Hundreds of insurgents and their families have left two rebel-held towns on the northern outskirts of Damascus, residents and fighters said, under a deal with the government which is pushing its opponents to rebel areas further from the Syrian capital.
The evacuation happened after the army gave community leaders in Qudsiya and Al-Hama — that had enjoyed relative calm under local truces — an ultimatum to get several hundred fighters out of their towns or face a wide-scale assault.
The government says such amnesties are a "workable model to bring security and peace" after five years of civil war, but its opponents say forcing Sunni Muslim fighters and their families from their home towns could create new demographic frontiers and worsen sectarian tensions.
Fourteen buses left the towns carrying around 400 fighters and their families in a total evacuation of over 2,000 people in two days to rebel-held areas in northern Syria, a resident said.
"They gave us little option: leave or all hell breaks loose," said Yousef al Hasnawi, a resident on the local rebel council.
The deal follows August's surrender of Daraya, which had been one of the longest standing bastions of the uprising against President Bashar al Assad and a only a few kilometers (miles) southwest of the capital.
Daraya's fall put pressure on other besieged rebel strongholds, boosting government hopes of subduing western and eastern suburbs of Damascus.
Shortly after the fall of Daraya, in Western Ghouta, hundreds of rebels in nearby Mouadamiya which had also agreed a local truce with the government in late 2013, were forced out.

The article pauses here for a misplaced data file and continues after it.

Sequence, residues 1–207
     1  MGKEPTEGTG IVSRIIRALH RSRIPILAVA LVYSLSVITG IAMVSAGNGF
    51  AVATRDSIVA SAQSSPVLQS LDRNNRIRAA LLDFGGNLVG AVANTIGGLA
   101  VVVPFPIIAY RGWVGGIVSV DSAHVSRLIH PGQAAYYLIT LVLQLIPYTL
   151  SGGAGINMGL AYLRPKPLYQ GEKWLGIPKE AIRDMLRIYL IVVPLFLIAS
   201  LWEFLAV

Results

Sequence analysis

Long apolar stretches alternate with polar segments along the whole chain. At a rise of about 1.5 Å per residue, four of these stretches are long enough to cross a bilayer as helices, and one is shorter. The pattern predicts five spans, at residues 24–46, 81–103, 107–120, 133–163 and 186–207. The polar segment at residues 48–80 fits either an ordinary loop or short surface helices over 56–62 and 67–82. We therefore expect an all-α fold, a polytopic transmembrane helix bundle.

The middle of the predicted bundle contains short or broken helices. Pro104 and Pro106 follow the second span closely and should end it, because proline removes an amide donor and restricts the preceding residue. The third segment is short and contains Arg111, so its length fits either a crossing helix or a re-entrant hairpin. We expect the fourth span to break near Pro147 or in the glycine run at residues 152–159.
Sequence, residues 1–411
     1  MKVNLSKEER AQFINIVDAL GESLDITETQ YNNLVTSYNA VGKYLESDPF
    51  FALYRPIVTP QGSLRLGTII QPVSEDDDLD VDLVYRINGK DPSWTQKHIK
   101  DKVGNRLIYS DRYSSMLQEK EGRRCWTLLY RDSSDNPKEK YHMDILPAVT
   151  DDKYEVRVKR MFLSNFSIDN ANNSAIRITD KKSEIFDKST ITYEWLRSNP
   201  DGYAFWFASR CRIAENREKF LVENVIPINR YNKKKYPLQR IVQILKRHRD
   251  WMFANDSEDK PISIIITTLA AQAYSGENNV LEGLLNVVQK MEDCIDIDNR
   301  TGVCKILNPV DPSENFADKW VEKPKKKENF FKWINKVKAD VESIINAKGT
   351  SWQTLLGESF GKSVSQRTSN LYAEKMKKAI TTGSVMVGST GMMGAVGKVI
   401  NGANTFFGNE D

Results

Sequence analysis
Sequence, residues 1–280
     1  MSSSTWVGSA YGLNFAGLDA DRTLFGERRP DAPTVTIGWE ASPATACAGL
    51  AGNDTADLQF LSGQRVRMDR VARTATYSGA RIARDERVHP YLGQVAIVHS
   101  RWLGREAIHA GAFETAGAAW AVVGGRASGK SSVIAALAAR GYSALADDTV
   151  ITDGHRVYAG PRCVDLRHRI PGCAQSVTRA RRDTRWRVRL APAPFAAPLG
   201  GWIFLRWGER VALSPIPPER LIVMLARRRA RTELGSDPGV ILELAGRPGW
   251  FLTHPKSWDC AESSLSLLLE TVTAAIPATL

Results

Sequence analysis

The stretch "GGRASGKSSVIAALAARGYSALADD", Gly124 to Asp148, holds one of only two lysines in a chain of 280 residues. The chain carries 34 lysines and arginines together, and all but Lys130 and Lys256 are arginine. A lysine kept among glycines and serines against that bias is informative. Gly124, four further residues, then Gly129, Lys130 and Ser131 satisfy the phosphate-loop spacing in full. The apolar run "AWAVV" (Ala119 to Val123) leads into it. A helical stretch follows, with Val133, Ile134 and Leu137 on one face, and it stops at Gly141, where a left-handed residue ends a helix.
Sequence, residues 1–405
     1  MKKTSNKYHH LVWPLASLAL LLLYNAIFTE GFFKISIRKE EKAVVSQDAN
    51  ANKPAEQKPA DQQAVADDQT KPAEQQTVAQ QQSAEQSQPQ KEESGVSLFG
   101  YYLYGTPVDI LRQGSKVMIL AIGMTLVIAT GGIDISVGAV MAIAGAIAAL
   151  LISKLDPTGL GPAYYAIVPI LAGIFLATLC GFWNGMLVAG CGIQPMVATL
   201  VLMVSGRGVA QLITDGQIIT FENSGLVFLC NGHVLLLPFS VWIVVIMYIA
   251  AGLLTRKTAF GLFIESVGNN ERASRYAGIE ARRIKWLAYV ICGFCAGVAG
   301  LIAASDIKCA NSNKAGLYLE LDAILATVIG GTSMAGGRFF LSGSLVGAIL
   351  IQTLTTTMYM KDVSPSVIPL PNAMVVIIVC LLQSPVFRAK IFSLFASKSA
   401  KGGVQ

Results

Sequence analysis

The army has in recent days escalated bombing of Eastern Ghouta, an area of farms and towns stretching northeast from Damascus that has been in rebel hands since the uprising began in 2011.
It has also been relentlessly bombing for the last two months the besieged Khan al Sheeh, a Palestinian refugee camp in Western Ghouta from which the military seeks to evict rebels.
The evacuation deals have been criticized by the United Nations which says they set an alarming precedent for the forced resettlement of civilians of besieged areas where starvation has been used as a weapon to force rebels to surrender.
Syrian National Reconciliation Minister Ali Haider said the government wanted the United Nations to oversee the evacuation of Qudsiya to see how local truces were pacifying hotspots around the capital.
"The U.N. did not want to participate and we did not exclude them ... we wanted their presence at least as a witness to see how we are working on a workable model to bring security and peace," Haider said.
Opponents of the evacuations say majority Sunnis areas are being replaced by members from Assad's minority Alawite sect and families of Iranian-backed Shi'ites who are fighting alongside the army.
"These are forced displacements that seek to change the population's makeup with full support of the Iranian and Russian occupiers," the Turkish-based Syrian opposition National Coalition said.
Qudsiya and Al-Hama lie along a strategic route to the Lebanese border where, the opposition says, the Syrian army's ally, the Lebanese Shi'ite Hezbollah, is consolidating its presence to secure an arms and troops supply route to Damascus.